. of view

Earl Marshall

Hip 2B Holy

I watched Kevin Newman's "Hip 2b Holy" on Global TV last night.  After watching the 60 minute documentary I wondered, "what was the point?"  For me there didn't seem to be a compelling reason for the presentation, certainly not one that lived up to the hype of the title. 

For the most part Newman and his team interact with two main characters, Nathan Gerber (shout out to uncle Ted) and Carey Nieuwhof who become the "faces" for the scores of diverse examples of young Canadian evangelical expression. Both Nathan and Carey represented themselves very well.  I appreciated their candor and I was intrigued to see Nathan "bust some moves" (not so young Canadian evangelical said that).  But I got the sense that in both cases it was more about "the personality" than the representation of young Canadian evangelicals per se. 

I was left wondering

  • How stoked is Connexus from all the free marketing it received last night?  How many website hits today?  Life 100.3 must be their new "best friend" this morning!

  • What was the real story?  Where was the journalism?  I appreciated that Global did not create a story but I am still trying to piece together from the presentation what the story is.  I suppose it is that there are young people rediscovering faith and expressing it in unique ways.  But is that it?  What about the other story, of young Canadian evangelicals walking away from their faith in their early twenties?

  • Why when making a point about a desire among Canadian evangelicals to work together in representing their points of view was there no reference to the Evangelical Fellowship of Canada?

Today I also celebrate . . . the gospel of Jesus Christ and its presentation in various expressions. 


  1. Trevor Brisbin

    May 26, 2009 at 10:10 am

    thanks for your thoughts. I just got the tail end of it and some really ‘stereotypical’ stuff in a skate park? I haven’t had much time to reflect on it, but you’ve provided a good launch pad… then i got caught up on 24… Jack Bauer is way cooler than any pastor i know!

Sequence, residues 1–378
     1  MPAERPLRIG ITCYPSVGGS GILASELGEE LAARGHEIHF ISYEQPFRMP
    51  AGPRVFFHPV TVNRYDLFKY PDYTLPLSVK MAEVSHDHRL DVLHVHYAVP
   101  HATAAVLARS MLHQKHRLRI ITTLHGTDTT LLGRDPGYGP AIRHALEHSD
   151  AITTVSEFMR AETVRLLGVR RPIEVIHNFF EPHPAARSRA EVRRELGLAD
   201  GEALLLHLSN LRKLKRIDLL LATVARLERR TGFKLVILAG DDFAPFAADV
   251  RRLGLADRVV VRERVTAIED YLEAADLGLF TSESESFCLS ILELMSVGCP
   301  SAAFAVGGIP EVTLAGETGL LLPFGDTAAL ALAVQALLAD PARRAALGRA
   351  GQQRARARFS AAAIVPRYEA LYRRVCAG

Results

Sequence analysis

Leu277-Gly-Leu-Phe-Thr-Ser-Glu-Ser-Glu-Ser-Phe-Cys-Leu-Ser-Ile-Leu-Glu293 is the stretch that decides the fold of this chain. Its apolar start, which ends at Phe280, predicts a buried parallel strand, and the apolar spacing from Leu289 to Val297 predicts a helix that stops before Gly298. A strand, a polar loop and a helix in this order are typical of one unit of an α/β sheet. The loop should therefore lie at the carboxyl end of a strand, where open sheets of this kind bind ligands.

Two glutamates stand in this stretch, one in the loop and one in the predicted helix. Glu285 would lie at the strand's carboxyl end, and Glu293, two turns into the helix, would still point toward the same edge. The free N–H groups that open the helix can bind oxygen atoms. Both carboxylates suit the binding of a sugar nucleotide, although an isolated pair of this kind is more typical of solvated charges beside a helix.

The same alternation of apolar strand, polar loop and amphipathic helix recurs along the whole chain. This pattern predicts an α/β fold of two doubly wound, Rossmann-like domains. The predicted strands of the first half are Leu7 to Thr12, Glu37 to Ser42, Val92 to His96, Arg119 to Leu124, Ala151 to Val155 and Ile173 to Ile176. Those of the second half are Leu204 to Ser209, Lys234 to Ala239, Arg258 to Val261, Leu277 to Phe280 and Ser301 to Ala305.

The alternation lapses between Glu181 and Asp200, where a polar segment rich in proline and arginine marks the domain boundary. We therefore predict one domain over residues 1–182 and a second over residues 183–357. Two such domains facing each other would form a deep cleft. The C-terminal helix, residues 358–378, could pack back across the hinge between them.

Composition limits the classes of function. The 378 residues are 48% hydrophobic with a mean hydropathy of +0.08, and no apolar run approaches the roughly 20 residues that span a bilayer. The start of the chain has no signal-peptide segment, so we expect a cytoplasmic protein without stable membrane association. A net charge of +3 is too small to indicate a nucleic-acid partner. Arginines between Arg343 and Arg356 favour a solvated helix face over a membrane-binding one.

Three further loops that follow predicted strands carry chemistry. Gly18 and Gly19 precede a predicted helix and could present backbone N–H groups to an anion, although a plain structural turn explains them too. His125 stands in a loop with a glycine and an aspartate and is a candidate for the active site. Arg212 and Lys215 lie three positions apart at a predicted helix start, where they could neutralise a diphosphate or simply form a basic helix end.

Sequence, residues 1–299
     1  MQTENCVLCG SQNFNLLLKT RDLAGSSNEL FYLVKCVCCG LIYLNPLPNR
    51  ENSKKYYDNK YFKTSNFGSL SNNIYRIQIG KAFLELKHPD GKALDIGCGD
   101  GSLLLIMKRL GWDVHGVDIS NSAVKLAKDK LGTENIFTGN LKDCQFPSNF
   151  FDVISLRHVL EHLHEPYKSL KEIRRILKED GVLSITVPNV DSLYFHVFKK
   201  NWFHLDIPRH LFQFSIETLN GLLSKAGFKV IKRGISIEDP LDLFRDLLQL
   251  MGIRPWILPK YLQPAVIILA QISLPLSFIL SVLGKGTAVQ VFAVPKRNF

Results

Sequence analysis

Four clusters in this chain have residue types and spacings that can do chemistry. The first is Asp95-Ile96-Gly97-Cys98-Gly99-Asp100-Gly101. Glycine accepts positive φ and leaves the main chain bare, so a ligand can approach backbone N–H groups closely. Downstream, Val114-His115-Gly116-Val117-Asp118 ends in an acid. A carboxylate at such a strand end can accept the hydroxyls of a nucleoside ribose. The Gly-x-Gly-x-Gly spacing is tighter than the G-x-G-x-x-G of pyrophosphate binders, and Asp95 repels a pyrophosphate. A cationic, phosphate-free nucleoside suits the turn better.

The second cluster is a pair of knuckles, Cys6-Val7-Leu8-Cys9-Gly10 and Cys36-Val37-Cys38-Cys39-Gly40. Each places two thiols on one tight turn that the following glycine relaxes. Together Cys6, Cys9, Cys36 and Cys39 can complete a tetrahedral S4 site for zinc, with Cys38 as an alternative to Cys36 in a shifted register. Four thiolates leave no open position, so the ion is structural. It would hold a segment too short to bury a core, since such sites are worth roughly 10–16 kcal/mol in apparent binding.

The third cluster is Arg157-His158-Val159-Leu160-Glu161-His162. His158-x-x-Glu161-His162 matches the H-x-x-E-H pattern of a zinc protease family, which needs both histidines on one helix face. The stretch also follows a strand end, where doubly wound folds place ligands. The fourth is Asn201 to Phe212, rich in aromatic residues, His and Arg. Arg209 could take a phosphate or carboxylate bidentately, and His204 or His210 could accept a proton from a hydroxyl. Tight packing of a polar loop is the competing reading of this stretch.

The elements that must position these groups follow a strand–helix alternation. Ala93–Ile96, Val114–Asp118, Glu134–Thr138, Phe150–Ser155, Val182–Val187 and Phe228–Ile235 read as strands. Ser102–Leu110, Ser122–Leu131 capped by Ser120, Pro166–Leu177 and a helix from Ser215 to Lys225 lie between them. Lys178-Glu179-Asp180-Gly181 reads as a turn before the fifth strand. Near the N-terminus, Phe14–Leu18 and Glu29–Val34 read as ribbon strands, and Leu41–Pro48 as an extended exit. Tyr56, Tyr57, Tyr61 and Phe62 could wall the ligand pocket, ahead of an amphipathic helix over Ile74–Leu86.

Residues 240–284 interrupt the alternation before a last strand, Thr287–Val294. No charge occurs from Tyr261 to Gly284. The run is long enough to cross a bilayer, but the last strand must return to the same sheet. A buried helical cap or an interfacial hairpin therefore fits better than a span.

2. I’m with you, Earl. It seems like there was no clearly defined point. I know Carey well and was eager to see the show, but it left me shrugging my shoulders at the end…so what?
    I am certainly glad it wasn’t another one of those typical Canadian (read, “CBC”) journalistic pieces that makes being an evangelical equal to being American (and they mean that, of course, as a pejorative). Newman didn’t do that…I believe he was genuinely trying to carve out a place for evangelicals in Canada…but by creating a new brand: “Canadian evangelicalism” whatever that is. I thought we were after biblical.
    Maybe that was Newman’s
    purpose after all. I do have to say it was a pretty narrow swath of evangelicalism that he chose to have as his focus. So much more could have been said.
    And one final thought…I guess I was more than a little uncomfortable with the focus on the young dating couple from Connexus…Heather and Aaron. She’s a believer and he’s a confessed atheist on a journey. Seems they’ve missed something about unequal yoking and the very biblical question, “what fellowship does light have with darkness”? But I guess that’s a whole different conversation. And it is one I’ll probably take up with Carey directly.

  3. Has anyone heard the term “disciple generation” before? It was used at some point to discuss this generation of young evangelicals who are looking for significance in their spiritual journey.

  4. Earl Marshall

    May 26, 2009 at 1:50 pm

    Never heard of “disciple generation”. The Christian Science Monitor http://www.csmonitor.com/2006/0926/p16s01-bogn.html has an article on the term and you can see more at http://usreligion.blogspot.com/2007/09/disciple-generation.html

  5. Earl,
    Thanks for this. I watched it with my wife Imbi and our eldest, Liam. I think we were all left with a “and so?” response.
    As well, I think we’d all echo Todd’s response regarding Heather and Aaron. Imbi and I would (and have in the past on a number of occasions with friends and relatives) council Heather to not be romantically involved with Aaron. Perhaps the Connexus pastor has done that, but you wouldn’t know it from the “documentary.”
    It was remarkably positive in its approach to Evangelicalism. Almost a puff piece in some ways. The two primary “experts” Andrew Grenville and Sam Reimer are both part of EFC’s Advisory Council.
    I find the IPSO Reid stats quoted of evangelicals as 10 – 15% of the population interesting to say the least.
    Again, thanks for the well written review.

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